Hou Kui is probably one of the most aesthetic teas available, its long flat leaves seem virtually intact and are a bright, translucent green. Upon opening the package, a strong seaweed smell wafted out and reminded me a lot of seaweed chips! The very marine smell kind of surprised me and I wasn’t sure what to expect upon tasting it. Yet, its taste is as delicate as the appearance of the leaves but much gentler than the smell. The tea is very refreshing and light even though for the hot brew I made it at 175F, it still felt pleasantly refreshing. The flavors I could detect where that of fresh cucumbers, sweet seaweed, fresh cut grass and a hint of sugar snap peas. Although green teas tend to be a bit bitter, there was no detectable bitterness in this infusion. This makes it a great green tea for people who are turned off by its association with bitterness . I had never had a tea so light and delicate as Hou Kui and although it can be pricy, I encourage people who love tea to invest in it at least once.
Besides being visually beautiful, Hou Kui also come with attractive legends about its discovery. One being about a small monkey getting lost and separated from his parents and tragically dying from exhaustion. When a kind farmer discovers the poor monkey he acts in kindness and gives him a proper burial. A year later when the farmer is around the same area where he found the monkey, he realizes the place is full of large beautiful tea trees and he figures that it’s the monkey’s way of saying “thank you” to him. You can read the full story and find more information about how Hou Kui is made and where it comes from here where I got mine.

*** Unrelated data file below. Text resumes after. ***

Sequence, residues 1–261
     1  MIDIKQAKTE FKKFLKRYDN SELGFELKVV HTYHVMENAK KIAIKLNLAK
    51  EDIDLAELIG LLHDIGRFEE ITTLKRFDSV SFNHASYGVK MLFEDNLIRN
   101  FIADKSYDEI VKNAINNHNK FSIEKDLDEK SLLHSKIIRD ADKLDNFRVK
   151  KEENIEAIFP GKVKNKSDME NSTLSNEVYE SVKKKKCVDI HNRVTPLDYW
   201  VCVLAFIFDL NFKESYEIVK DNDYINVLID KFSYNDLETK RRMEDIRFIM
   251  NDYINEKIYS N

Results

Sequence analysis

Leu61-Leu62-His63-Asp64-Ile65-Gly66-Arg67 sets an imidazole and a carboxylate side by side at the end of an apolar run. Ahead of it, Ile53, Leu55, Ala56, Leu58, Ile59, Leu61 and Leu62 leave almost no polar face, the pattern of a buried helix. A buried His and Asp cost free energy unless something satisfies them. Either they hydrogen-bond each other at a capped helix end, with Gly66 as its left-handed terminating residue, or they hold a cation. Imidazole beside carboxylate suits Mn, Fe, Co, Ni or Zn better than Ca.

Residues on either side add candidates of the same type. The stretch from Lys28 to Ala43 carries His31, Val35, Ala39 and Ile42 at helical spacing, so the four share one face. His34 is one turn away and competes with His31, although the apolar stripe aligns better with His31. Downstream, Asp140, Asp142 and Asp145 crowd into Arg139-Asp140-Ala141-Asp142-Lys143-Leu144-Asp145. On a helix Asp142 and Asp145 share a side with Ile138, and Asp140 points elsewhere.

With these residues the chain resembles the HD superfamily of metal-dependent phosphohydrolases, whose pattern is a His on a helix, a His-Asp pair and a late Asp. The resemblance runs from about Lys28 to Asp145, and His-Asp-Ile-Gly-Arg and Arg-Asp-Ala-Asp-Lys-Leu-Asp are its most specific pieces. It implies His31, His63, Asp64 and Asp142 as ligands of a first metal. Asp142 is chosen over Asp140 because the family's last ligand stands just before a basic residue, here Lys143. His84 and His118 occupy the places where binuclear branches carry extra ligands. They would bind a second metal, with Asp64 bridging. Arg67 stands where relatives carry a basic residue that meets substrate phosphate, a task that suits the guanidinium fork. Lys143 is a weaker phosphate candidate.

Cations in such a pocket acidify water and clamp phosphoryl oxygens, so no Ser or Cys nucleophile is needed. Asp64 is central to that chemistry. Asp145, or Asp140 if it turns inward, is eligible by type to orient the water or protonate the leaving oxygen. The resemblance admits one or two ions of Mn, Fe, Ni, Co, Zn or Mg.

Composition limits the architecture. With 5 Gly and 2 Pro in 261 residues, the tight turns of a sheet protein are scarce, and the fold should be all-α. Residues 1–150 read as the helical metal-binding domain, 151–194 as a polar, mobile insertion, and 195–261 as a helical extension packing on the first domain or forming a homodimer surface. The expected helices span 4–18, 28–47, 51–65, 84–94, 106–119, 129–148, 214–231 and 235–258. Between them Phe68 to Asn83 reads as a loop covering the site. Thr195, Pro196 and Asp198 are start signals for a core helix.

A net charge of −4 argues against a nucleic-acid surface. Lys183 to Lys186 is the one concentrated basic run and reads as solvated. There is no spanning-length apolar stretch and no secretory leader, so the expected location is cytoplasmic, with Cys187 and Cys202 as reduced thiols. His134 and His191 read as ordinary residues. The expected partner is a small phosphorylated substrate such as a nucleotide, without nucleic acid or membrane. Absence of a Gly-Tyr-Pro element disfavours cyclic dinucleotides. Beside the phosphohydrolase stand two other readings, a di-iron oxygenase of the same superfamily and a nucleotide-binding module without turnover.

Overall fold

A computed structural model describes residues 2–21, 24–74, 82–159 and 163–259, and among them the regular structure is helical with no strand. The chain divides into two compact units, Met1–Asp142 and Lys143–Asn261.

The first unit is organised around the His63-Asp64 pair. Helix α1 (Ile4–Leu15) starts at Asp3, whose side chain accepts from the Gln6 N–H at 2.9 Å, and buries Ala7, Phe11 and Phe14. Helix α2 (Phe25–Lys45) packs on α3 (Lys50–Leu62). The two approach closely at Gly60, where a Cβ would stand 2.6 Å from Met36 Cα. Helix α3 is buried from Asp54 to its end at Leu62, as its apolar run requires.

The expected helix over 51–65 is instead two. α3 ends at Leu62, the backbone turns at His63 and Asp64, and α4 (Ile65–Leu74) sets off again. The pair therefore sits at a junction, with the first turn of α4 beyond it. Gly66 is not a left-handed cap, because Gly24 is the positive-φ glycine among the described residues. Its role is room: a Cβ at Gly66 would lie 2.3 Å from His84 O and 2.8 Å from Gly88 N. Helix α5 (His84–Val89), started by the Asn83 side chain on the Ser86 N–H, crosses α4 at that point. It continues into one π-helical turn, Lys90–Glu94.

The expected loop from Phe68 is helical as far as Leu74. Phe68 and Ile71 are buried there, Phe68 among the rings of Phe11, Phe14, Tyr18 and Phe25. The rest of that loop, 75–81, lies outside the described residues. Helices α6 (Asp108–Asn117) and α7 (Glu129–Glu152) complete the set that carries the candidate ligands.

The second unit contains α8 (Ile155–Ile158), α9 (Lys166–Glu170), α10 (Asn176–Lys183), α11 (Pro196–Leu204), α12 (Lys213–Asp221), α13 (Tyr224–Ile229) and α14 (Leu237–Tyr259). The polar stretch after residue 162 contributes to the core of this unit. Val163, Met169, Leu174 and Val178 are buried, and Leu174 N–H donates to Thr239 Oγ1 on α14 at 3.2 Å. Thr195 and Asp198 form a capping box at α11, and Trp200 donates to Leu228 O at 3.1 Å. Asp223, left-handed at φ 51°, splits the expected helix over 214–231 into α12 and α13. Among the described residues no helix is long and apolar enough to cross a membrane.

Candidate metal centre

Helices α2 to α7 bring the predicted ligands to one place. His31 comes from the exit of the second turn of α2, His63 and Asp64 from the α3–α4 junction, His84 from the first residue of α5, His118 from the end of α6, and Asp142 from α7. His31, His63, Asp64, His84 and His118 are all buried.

Because of its unique leaves, Hou Kui is not brewed by traditional methods and is instead steeped in long glasses. This type of infusion makes the experience beautifully visual besides tasty- the glass can be continually refilled until the leaves have spent all their flavors. To do a cold brew, I filled a mason jar with a few leaves and left it over night with water in the fridge. I was able to refill and steep the leaves about 2-3 times. Because heat helps extract other constituents in tea, as I have said before, cold brews can be very different but I have found that the teas that change the most with temperature are green teas. As I described in my review of a mao jian I got from Teabook, this tea was also more vegetal as a cold brew. The more sweet, floral notes were not really present and instead highlighted more umami characteristics. Something else I noticed was that because the leaves were not exposed to heat- they retained their bright color for longer and didn’t wilt as they would have with a hot infusion. For my personal tastes, I probably won’t make this tea as a cold brew again as I think too many of the more complex and subtle notes were missing but taste is pretty subjective so I encourage you to try it! Especially if you prefer more umami flavors as opposed to floral or fruity.